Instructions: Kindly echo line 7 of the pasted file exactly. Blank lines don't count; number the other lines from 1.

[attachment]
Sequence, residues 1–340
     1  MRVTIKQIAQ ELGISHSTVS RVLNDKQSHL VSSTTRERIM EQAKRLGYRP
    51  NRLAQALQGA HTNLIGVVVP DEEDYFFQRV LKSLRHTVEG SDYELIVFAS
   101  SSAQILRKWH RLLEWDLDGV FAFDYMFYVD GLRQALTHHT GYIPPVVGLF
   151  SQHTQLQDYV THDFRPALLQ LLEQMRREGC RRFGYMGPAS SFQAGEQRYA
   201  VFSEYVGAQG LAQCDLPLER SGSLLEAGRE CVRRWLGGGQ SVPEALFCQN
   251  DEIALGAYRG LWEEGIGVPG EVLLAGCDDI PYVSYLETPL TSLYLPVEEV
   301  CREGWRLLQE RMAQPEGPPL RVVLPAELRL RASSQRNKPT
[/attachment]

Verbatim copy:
   251  DEIALGAYRG LWEEGIGVPG EVLLAGCDDI PYVSYLETPL TSLYLPVEEV